When I say "digital currency", most people think of things like Bitcoin, but actually most currencies in use today are digital, represented mostly in databases managed by the banks. I don't have the numbers, but less (possibly way less) than 10% is in physical circulation, and many people are surprised to learn the current estimate is that 2/3rds of the US Dollar is in circulation outside of the US.
We're far away from the days of The Great Riviera Bank Robbery. Modern bank heists (outside of the usual "crazy guy with a gun robs regional bank" crap) will be principally hackers, either brute forcing or socially engineering their way through the security systems that prevent them from moving our modernized digital money anywhere they want.
Invest in security, invest in cryptography (and learn how to use it). And I suppose, ponder the idea that what you participate in online can follow you offline too.
It's too bad that we have become so complacent about the decreasing value of human life around the world. We need to collectively stand up and say that actions (and inactions) like this are unacceptable and worth interrupting business as usual.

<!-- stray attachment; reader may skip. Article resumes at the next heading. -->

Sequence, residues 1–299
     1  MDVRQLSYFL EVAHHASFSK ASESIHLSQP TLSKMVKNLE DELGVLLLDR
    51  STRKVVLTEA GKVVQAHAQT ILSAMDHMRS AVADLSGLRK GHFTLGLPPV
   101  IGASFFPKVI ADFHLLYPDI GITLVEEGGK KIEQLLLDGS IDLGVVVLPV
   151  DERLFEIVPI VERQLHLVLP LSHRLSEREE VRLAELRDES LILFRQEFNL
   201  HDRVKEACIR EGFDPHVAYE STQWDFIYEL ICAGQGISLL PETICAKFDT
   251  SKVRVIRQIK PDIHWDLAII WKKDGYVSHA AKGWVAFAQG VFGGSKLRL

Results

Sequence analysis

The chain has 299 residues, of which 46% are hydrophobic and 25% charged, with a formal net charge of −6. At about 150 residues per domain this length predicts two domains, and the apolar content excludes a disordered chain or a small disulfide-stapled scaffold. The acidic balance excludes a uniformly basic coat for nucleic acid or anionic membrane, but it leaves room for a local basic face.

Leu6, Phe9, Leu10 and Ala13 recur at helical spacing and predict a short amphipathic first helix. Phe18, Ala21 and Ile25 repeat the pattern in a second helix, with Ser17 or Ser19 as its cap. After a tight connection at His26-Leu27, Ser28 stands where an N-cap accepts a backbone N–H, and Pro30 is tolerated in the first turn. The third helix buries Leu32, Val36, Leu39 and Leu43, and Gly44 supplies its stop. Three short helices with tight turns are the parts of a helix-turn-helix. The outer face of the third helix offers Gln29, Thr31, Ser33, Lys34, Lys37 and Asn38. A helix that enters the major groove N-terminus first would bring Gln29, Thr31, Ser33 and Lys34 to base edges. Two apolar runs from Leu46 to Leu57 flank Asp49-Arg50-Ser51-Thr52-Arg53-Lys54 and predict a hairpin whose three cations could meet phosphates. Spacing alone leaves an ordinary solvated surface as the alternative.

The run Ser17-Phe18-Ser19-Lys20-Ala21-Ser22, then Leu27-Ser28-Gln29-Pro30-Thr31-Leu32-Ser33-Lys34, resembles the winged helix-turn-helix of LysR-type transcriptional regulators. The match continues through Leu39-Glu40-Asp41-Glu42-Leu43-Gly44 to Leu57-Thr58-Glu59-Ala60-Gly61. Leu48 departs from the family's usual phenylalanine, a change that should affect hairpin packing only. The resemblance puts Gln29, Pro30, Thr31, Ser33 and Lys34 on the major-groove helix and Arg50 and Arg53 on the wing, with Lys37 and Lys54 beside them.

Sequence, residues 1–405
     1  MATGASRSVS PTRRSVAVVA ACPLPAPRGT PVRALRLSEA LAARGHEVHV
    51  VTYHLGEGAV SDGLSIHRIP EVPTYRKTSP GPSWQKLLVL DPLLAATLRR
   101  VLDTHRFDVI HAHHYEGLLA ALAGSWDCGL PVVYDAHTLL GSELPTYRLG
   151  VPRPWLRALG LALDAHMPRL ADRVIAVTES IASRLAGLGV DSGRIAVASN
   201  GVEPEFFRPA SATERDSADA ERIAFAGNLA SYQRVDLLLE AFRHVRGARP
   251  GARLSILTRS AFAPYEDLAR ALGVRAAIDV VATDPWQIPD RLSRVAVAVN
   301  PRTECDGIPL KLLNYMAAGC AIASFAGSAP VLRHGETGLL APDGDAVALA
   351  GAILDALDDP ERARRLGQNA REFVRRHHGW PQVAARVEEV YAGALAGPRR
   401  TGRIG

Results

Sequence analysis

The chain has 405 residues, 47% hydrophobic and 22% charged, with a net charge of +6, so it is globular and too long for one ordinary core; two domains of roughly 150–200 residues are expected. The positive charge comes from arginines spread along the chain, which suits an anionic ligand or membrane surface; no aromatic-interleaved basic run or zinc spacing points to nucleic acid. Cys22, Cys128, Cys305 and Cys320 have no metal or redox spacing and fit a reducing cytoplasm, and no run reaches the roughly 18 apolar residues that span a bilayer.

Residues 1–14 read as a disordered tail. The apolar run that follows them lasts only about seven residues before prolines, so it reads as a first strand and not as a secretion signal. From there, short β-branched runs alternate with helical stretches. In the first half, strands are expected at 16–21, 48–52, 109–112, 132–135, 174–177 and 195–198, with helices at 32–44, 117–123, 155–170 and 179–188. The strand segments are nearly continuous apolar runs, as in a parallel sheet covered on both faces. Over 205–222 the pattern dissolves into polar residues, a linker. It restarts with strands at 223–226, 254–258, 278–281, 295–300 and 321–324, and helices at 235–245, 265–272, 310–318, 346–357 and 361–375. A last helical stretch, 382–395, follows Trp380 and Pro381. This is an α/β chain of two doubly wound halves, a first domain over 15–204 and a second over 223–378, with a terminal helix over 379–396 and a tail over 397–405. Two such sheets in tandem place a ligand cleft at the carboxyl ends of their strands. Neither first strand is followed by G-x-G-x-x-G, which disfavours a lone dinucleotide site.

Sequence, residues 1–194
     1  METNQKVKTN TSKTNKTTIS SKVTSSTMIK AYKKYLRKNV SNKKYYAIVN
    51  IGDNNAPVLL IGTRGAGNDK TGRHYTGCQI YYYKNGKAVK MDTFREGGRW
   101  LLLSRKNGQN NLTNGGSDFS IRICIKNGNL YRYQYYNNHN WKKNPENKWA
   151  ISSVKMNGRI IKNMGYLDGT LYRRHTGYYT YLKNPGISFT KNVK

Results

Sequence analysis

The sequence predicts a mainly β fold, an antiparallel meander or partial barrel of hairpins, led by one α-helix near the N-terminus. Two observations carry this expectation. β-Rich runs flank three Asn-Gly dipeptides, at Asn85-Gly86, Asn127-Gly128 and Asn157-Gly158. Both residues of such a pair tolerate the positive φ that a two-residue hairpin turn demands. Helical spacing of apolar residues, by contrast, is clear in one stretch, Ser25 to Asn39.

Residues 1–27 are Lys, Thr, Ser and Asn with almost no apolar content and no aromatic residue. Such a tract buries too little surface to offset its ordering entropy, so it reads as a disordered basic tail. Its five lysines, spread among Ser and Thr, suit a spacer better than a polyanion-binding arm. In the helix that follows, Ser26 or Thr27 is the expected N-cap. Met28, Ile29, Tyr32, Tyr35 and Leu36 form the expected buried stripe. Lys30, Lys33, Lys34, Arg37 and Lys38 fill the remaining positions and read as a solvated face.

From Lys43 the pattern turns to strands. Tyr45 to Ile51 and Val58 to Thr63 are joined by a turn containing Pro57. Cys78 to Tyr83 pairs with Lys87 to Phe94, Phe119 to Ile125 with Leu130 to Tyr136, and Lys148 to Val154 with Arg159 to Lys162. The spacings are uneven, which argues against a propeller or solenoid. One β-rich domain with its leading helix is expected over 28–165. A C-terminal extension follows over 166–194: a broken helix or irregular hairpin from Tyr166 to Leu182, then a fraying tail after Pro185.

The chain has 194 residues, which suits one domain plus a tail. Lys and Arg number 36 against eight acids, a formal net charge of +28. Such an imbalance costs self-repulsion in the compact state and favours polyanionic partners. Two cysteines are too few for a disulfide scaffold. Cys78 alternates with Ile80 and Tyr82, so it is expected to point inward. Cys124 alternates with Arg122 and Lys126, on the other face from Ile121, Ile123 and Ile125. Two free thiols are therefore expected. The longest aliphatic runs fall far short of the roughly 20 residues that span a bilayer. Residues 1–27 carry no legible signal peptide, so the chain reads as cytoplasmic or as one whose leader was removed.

That's why we need forceful action to disrupt the corrupt officials that have hegemony over our lives today.
The tree of liberty must be refreshed from time to time with the blood of patriots and tyrants.
>> The tree of liberty must be refreshed from time to time with the blood of patriots and tyrants.
On the other, you say:
>> Trump is effectively inciting violent action among his supporters. And he's not even elected yet.
As if you wouldn't want the tree of liberty to be refreshed.
We can have Trump, who may destroy the economy of America, or we can have Hillary, who will destroy the whole world.
Sixteen years later, on "Hacker" News, you're downvoted to a light grey. It's amazing how much the nerd/geek demographic has changed in one generation.
My bet is on the ex-government employees.
I am always curious about the difference between folks who just want to call out bad behavior and folks who want to correct it. Some people will not feel they are empowered to enact change, I think there are great counter examples to that feeling although I understand it.
For example, I used to follow Dancho Danchev who was publishing really actionable information about information security problems, I even created an "auto bad domain locator" tool from it. But then he stopped. His actions which merely noted the mechanics of what was going on, and sure sometimes called out bad ISPs, was useful to others in the community who were protecting their infrastructure.